Despite such delays, PFS has won many battles recently. On New Year's Eve, the ASLB ruled in favor of PFS and against the Southern Utah Wilderness Alliance on one of the last remaining contentions against the dump. Despite a bill pending in the U.S. Congress, "America's Redrock Wilderness Act," that would preserve the north Cedar Mountains bordering Skull Valley as perpetual wilderness free of roads and train tracks, the ASLB ruled that although "SUWA has worked diligently to preserve such [wilderness] values elsewhere in the state…we must say that those values are neither apparent nor affected here." ASLB's ruling would grant PFS the go-ahead to build a rail line down Skull Valley for waste trains. Altogether, the ASLB has dismissed nearly three dozen contentions against the dump, including ones filed by Utah concerning earthquake dangers and PFS's financial viability. Utah can appeal ASLB decisions to the NRC Commissioners as well as to the federal courts. (6) The NRC Commissioners are still pressing for a prompt license decision by ordering both Utah and PFS to have any appeals prepared, fast-tracking a process usually left till after the ASLB ruling. Despite new Utah Governor Olene Walker's resolve to carry on where her predecessor left off (anti-PFS Gov. Mike Leavitt recently became U.S. Environmental Protection Agency administrator), the state has spent nearly US$4 million in recent years fighting PFS, and may be running out of money. (7) Just two days after the U.S. Court of Appeals for the District of Columbia Circuit heard arguments on the Yucca Mountain controversy, Utah argued before the same court that Congress never authorized NRC to license a private interim storage site for high-level waste, although two of the three judges on the panel expressed immediate skepticism. (8)
Meanwhile, the tiny Skull Valley tribe itself is undergoing a meltdown. Disputed pro-dump tribal chairman Leon Bear has accused opponents, including anti-dump member Margene Bullcreek and her two daughters, of treason and threatened to expel them from the tribe. Bullcreek's attorney has petitioned the federal courts alleging that Bear has sought to restrain and silence her opposition to PFS and argued "If the court does not immediately intervene to review the actions of Leon Bear…[the Bullcreeks] will have no hope of retaining their membership in their band, which is central to their very cultural, social, legal and spiritual identity." (9) Expulsion from the tribe has been compared to a "tribal death penalty." (10)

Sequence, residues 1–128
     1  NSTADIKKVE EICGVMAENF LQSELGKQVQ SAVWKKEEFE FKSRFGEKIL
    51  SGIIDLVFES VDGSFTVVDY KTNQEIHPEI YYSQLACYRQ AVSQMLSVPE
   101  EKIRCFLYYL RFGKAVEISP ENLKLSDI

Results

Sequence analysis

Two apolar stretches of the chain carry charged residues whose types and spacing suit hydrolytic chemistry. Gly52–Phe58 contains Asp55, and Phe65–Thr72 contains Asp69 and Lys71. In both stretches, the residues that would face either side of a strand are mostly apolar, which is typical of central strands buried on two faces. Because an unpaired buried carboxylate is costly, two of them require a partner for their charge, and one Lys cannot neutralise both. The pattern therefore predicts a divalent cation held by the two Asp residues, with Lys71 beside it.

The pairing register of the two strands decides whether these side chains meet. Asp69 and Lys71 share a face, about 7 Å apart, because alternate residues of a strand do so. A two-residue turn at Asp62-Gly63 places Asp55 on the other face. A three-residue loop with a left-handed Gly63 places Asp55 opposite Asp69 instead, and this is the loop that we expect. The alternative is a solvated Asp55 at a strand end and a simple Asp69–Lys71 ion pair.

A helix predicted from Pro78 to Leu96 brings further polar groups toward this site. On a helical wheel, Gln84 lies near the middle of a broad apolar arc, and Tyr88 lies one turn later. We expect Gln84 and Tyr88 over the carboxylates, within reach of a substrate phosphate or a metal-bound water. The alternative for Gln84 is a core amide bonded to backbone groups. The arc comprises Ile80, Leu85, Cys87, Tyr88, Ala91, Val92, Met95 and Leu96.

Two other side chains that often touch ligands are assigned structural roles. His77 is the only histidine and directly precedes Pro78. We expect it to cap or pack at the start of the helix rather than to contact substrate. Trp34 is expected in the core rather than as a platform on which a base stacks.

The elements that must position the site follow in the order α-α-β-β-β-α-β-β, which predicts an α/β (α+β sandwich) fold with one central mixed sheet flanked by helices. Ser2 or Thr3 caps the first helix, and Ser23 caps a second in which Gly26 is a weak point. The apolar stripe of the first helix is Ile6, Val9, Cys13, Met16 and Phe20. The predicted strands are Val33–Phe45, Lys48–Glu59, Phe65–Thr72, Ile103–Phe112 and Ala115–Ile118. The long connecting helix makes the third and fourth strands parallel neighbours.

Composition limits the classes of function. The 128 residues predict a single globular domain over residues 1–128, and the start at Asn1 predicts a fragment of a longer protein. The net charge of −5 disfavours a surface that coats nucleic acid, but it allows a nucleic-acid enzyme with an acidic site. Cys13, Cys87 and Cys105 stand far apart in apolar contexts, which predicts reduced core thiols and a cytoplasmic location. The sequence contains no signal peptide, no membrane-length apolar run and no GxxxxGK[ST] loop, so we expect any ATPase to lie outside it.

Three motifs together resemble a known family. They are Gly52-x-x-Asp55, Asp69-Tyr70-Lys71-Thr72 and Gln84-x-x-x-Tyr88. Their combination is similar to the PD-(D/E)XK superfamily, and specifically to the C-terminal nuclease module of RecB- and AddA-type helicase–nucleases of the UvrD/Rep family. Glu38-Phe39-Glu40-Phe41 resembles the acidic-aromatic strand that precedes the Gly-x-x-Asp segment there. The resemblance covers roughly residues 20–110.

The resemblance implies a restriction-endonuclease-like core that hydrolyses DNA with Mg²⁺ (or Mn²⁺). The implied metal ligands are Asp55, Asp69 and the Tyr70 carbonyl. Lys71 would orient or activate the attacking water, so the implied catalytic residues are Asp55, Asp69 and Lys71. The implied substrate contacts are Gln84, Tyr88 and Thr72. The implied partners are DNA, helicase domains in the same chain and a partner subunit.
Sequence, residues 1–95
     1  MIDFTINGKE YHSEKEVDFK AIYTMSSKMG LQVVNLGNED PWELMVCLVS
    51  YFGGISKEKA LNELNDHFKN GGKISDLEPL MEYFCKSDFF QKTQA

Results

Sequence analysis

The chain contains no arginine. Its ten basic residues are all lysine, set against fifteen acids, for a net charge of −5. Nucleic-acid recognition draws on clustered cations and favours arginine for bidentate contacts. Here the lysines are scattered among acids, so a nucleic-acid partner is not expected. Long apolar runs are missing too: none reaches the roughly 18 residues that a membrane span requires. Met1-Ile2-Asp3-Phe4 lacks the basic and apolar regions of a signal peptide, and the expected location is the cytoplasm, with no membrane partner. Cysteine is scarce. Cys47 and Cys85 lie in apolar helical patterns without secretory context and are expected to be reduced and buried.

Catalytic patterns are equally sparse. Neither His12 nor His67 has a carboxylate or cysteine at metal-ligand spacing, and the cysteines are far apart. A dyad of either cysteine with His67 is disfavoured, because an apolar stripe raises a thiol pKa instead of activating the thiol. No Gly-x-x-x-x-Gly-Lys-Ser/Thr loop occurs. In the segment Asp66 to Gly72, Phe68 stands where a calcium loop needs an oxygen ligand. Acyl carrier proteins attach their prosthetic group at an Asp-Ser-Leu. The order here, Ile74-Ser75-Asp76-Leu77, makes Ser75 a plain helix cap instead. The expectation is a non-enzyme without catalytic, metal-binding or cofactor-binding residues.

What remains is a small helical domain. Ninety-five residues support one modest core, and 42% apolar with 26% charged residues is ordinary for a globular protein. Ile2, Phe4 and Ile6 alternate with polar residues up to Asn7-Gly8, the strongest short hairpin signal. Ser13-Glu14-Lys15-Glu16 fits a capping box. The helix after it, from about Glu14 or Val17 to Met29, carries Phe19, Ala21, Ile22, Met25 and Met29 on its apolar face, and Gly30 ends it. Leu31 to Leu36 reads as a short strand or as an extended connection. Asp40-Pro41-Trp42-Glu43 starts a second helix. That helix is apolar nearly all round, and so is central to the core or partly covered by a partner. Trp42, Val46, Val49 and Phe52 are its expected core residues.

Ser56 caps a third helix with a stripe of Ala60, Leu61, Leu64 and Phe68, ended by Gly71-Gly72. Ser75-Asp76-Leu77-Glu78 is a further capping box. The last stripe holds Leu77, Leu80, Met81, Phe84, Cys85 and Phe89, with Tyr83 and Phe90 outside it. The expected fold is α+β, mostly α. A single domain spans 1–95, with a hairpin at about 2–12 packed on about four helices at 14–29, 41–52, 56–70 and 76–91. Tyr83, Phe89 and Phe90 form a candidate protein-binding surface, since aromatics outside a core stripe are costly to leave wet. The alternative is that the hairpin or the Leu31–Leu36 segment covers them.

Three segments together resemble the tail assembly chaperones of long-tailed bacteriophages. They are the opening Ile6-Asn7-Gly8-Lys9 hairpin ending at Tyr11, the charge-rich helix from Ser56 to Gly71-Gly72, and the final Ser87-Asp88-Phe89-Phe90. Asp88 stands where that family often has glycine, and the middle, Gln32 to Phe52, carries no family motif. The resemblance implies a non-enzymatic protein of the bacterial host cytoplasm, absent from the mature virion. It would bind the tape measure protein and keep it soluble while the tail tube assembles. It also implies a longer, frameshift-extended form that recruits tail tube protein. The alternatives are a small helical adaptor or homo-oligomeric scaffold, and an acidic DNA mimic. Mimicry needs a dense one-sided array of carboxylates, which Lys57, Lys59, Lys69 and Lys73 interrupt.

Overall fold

Showing that radioactive waste is as much a divisive social poison as it is a radioactive one, the 121-member tribe suffered a bombshell just before Christmas when rival leadership groups were indicted on federal felony charges, the culmination of a two year investigation by the Internal Revenue Service, Dept. of Interior (DOI), and Dept. of Justice that included an FBI raid on tribal offices that seized financial documents. Pro-dump chairman Bear faces two charges of embezzling tribal funds, one count of embezzling federal program funds, and three counts of tax fraud. He faces up to 29 years in prison and a US$1.5 million fine. Bear is also under investigation for his role in setting up suspicious tax havens involving a Swiss bank and a shadow company based in the British Channel Islands. (11 & 13)
A rival leadership group asserts it replaced Bear's council at a tribal election in September 2001 but the U.S. Bureau of Indian Affairs (BIA) refused to recognize the election and still supports Bear's authority. Dissident council members Marlinda Moon, Sammy Blackbear, and Miranda Wash face five counts each of bank fraud and aiding and abetting, as well as one count each of theft from tribal accounts despite Blackbear's assertion that they were simply freezing funds to prevent Bear from stealing any more. (12) If convicted, each could face over 150 years in prison and US$5 million in fines. They have pleaded not guilty and go to trial 19 March. Blackbear argues that the charges fly in the face of the 2001 election, which he says show they have tribal support. He also says the charges against him are an attempt to undermine his civil rights lawsuit against BIA, DOI, and DOI Secretary Gale Norton for actions and inaction amounting to "an overall discriminatory plan to target Indian reservations for the effectively permanent storage of the nation's high-level nuclear waste." A federal judge in Utah dismissed his case in September 2002, but Blackbear has appealed the ruling. (13)
Some incredible statements followed the indictment of Bear. Despite signing the dump contract with Bear 7 years ago, without the knowledge or consent of the rest of the tribe, a PFS spokeswoman responded "We are fully committed to this relationship with the band and with the project, and we fully expect to go forward. Our contract is with the band and not with him." The BIA said it would support PFS as long as the tribe continues to and perhaps reflecting Bush Administration pro-nuclear power policy, the U.S. Attorney prosecuting the case said, "The charges today have nothing to do with high-level radioactive waste and Bear's efforts to bring it here." (13)